Clinical Development Relay: The Hurdles We Face

Now that I’ve had the chance to settle in to the blogosphere, I’d like to tell you a little more about what I hope to accomplish with “Trials Without Tribulations.” It is obvious to me (and others in the industry, see here, here, and here) that biopharma faces a number of sizable challenges. Tribulations, if you will. I hope TWT can shine a spotlight on these challenges and stimulate discussion about developing solutions. Here’s a rundown of some major obstacles:

  • The traditional discrete-phase development model. Routine insistence on pauses between phases assumes that merely waiting will enable greater understanding of data from the previous trial. With essentially unlimited computing power to run sophisticated analytics that are standing by for database lock, why can’t we understand everything there is to learn from trial data rapidly enough to proceed without a discernible pause between phases?
  • A lack of global harmonization in development standards. Officially, we have globally harmonized standards. In practice, we have big differences, even among the major regulatory bodies that speak of harmonizing standards. An obvious example is device regulation in the US vs. Europe. Do historical and cultural context make these differences inevitable, or can standards become more uniform and global approvals become the norm?
  • Lock-in development arrangements between big pharma companies and CROs. Lock-ins may provide volume discounts, but they also chain pharma to big CROs that have profited hugely from the development approach that has reduced productivity in the last 25 years. Is pharma looking for greater efficiency in precisely the wrong place? Would there be greater savings and better results from staying flexible and selecting the optimal partner for each program?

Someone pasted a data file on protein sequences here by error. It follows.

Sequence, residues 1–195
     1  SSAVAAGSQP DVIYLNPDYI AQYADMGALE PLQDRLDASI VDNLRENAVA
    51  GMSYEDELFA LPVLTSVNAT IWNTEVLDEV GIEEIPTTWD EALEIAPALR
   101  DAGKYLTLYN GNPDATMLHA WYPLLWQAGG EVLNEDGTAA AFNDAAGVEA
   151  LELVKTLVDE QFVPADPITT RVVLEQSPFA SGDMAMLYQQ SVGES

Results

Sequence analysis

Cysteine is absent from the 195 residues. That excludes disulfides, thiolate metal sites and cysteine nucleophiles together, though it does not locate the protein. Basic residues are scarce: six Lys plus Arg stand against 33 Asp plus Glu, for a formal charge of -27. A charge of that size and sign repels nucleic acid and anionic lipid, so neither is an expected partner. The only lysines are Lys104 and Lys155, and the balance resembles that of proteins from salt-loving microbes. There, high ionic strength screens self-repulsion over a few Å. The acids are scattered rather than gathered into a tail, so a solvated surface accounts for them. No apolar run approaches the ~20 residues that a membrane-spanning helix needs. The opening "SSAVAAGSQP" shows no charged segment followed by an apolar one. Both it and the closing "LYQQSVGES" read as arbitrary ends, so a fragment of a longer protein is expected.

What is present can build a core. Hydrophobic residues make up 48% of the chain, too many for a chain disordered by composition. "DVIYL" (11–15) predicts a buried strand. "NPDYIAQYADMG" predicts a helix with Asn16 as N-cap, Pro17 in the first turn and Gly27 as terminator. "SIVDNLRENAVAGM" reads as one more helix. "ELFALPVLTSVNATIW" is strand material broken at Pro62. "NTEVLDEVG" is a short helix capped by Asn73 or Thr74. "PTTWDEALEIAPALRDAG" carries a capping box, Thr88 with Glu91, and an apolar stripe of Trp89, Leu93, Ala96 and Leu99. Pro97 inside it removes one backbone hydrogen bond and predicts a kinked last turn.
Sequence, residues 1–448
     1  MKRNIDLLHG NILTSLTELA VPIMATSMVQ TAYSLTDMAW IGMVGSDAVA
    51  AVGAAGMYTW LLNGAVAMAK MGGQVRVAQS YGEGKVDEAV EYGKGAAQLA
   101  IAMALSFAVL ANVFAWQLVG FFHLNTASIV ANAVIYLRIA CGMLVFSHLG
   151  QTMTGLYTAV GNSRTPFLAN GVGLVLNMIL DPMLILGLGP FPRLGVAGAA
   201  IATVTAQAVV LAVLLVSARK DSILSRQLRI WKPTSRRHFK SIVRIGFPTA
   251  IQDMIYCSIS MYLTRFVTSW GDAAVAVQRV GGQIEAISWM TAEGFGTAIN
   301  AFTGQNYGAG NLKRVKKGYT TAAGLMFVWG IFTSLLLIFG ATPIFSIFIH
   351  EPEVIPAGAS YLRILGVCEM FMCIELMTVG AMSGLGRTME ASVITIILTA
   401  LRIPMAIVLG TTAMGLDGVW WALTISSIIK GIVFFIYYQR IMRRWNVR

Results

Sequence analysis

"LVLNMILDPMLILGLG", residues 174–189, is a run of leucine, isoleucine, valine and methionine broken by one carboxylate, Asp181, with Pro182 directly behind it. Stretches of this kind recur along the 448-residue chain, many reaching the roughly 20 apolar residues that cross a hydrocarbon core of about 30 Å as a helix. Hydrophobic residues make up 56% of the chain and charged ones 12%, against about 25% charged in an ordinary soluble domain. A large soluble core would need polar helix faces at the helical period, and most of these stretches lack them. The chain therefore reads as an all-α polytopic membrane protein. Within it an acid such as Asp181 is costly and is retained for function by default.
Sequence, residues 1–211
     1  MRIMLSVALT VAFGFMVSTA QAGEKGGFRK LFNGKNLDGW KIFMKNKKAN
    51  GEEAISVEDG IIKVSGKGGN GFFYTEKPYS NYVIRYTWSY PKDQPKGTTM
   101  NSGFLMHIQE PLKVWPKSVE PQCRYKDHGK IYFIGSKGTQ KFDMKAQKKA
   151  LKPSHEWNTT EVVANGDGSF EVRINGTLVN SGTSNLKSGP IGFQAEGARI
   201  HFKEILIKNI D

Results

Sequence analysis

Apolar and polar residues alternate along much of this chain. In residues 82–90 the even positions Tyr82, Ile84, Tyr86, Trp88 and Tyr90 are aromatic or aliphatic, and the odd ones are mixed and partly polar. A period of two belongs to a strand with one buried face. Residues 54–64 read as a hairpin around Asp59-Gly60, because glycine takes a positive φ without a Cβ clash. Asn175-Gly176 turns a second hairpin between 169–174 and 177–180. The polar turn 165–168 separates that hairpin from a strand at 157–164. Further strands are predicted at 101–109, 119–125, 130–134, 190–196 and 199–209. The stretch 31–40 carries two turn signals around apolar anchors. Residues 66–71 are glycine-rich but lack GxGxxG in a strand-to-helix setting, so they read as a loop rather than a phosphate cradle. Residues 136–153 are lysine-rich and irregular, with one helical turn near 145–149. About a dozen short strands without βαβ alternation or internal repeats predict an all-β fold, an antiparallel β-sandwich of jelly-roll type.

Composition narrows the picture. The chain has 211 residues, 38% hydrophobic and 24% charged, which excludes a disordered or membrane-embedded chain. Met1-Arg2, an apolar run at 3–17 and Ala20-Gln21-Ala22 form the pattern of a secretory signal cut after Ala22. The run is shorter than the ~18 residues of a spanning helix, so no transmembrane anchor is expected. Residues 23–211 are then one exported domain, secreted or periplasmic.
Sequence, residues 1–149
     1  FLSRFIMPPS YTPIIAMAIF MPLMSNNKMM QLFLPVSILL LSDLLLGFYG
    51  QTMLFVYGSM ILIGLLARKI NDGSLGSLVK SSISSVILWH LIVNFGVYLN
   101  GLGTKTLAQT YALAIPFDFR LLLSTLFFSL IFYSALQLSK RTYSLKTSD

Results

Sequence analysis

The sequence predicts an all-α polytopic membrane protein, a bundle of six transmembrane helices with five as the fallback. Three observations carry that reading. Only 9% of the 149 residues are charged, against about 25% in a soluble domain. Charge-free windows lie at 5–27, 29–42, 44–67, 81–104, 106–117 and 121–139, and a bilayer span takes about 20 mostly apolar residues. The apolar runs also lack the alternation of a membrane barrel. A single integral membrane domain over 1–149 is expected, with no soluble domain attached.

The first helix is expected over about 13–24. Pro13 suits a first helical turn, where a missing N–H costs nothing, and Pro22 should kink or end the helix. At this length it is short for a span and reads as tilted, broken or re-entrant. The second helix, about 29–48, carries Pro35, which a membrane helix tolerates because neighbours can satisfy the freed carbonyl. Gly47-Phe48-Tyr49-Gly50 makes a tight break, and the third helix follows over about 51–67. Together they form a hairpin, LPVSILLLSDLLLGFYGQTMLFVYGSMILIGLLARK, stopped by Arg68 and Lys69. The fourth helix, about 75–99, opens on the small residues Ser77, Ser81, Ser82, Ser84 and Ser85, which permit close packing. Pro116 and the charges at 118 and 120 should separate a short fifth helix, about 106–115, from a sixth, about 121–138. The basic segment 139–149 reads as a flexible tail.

• Failing to identify the optimal dose before phase III trials. To avoid the cost of additional dosing arms, companies have likely been testing too few dosing options. This is an area where adaptive methods can help. The proposed HIV vaccine trial that starts with multiple vaccines and prunes candidate vaccines may be a sign of things to come. Is there a way to test more candidates and doses without a linear increase in the number of trials and trial costs?
  • Wasted time and cost of excessive SDV and on-site monitoring. Right now, most pharma companies and CROs are failing to take full advantage of technology that optimizes monitoring—a basic but costly activity. When will EMRs universally have the ability to grant monitors selective access to patient records, enabling remote SDV of far more data? When will we become good enough at remote monitoring to make site visits unnecessary? What changes in technology and processes are necessary to reach that goal?
  • Efficiency challenges in creating companion diagnostics for new targeted therapeutics. Companion diagnostics obviously improve targeting, but developing both the diagnostic and the drug increases costs and complexity. How can we handle such parallel development projects more efficiently?
  • Allowing our development processes to block the transition to personalized medicine. Our industry relies on methods that will never be efficient enough for profitable development of personalized medicines. We’re leaving blockbusters behind but not even getting close to a new era in which companies thrive by producing greater numbers of smaller-market drugs. How can the industry (and regulators) move beyond development methods that only a blockbuster can pay for?

I have already started to address some of these issues, such as the impact technology and information flow can have on monitoring, enrollment and more. But I plan to scrutinize each of these topics even more comprehensively in the coming months and hope that in doing so, TWT will engender productive dialogue and eventually, solutions to the daunting hurdles on the track.

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